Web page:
52nd Anniversary Writing & Photography Contest – Honorable Mention
My daughter’s wedding
The setting was serene, until the wind came up
by Georgette Gantner
At 5:37 a.m. the sun pulls itself up by its bootstraps, penetrating the lower quadrant of my window, and straight into my eyes, an interrogator demanding a response,
“Why are you still in bed? Do you know what day it is? Get up!”
I’d made the mistake of keeping the curtains open last night so I could gaze at the starry night free of the fog, and light pollution so prevalent in our beach community at home. When I didn’t immediately respond, the sun shrugged its shoulders and moved on, capturing a mist that rained down on the willows who were busy weeping, while sweeping the grass. The ensuing dew hissed at the heat that threatened to vaporize it. On this almost summer day, the birds and the bees oversee the arc of the trees and the valley, the vast vessel that births rows of grapes snaking through the tilled soil, warmed by the fiery star that radiates life into our lives. As doves, sparrows, and starlings confer commentary on the state of events, the sun strikes a glistening strand of spider’s web, undulating to the beat of a soft breeze, and the concert begins. A rooster skats, a crow caws counterpoint, mockingbirds mock in double-time, a dog barks off key, and a woodpecker taps percussion. This is nature’s wedding gift to my daughter on her Big Day. But she notices none of it. My cell phone interrupted the interlude, with a voice I knew too well.
“Who the hell came up with this tradition that the bride has to sleep in a strange house all by herself the night before the wedding? I kept hearing noises, like someone was breaking in and couldn’t sleep, and now I have bags under my eyes the size of canyons, and look like crap. I made coffee and there’s no half and half. Where did Benny put it? And where are the mugs? Who the hell furnishes a bridal suite with no coffee mugs? Mom, could you bring them please? And remind Benny that he can’t see me before the ceremony.”
Oh, I didn’t have to tell Benny to stay away. He knew.
36 years ago, I gave birth to this miracle of loveliness, my little girl. After an intense year with a team of experts that would create the “Magical Moment,” this three-day extravaganza was finally taking place on a 140 acre vineyard in the Edna Valley, 200 miles from home. In addition to my monetary gift, I vowed that I would do all I could to make their wedding weekend a success, including keeping my mouth shut. Decades before, I’d planned both my weddings, and wondered why so many pay so much to hire a stranger to orchestrate one of the most important days of their lives.
What I really needed was a marriage planner, but that’s another story.
After changing into sweats, I knocked on my son’s bedroom door. He remained in a state of oblivion. Lucky him.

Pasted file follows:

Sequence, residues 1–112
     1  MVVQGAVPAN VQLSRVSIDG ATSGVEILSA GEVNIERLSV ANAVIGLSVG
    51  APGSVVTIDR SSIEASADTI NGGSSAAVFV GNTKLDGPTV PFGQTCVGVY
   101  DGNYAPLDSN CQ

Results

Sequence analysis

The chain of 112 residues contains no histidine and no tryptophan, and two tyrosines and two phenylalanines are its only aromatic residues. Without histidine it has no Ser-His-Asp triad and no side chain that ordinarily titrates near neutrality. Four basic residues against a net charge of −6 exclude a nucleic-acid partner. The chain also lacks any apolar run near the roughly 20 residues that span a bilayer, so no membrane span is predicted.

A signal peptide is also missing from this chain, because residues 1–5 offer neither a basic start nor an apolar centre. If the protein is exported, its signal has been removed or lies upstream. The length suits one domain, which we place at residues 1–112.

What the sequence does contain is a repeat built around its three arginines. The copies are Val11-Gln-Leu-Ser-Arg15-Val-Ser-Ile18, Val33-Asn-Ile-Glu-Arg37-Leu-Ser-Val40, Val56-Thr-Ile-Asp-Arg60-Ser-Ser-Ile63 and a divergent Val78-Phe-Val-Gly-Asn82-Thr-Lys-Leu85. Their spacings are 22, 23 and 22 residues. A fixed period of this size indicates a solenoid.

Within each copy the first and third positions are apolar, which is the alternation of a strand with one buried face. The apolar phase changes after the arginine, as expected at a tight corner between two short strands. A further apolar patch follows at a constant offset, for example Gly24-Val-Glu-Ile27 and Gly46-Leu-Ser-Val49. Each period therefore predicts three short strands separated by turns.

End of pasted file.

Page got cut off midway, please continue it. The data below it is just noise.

“I’m going in,” I told him.
“What?,” barely lifting his bed head.
“Mabel made coffee. She couldn’t sleep, she’s anxious, she needs mugs, I’m going to talk her down.”
“Good luck with that,” he said before easily slipping back into unconsciousness. Griffin soon learned how to handle family drama by moving half a world away.
“If you need to talk, we can always Zoom, mom. It will be like I’m right there,” he assured me. But for the next three days, he had no choice. He was involved with
all of it, with all of us.
I hiked the long hallway that leads to the open concept dining room, living room, and kitchen, spilling into the rest of the six bedroom, seven and a half bath ranch style home. It is big enough to entertain 100 guests. There are four homes dedicated to housing the wedding party, but many more buildings occupy the impeccably groomed property: Stables, vintage barn, anew barn, homes for the caretakers, multiple garages, an entertainment hall that holds 300, an office for four employees, and a henhouse. Even that was impressive. In addition, there were fields that hold cattle, horses, goats, and a herd of emus. There was also a pond and small field where the ceremony will take place. The vineyard began as a dairy over 100 years ago, as did so many other properties on the Central and Northern coasts of California and Oregon.
Grif and I chose bedrooms that shared a bathroom, leaving Benny and the bridesmaids, and their usher husbands to occupy the ensuites. Benny’s best man and his new boyfriend took the room with the view. In the north wing is an enormous game room, with a full-size bar, giant TV, oversized leather couch, and a ping-pong and game table, where we gathered nightly. Benny’s mother, father, sister, and grandmother occupied the south home, the Maid of Honor and husband, the west one, and to the south, is the one-bedroom bridal cottage where Mabel spent a harrowing night. It sits adjacent to a pool, patio, and BBQ.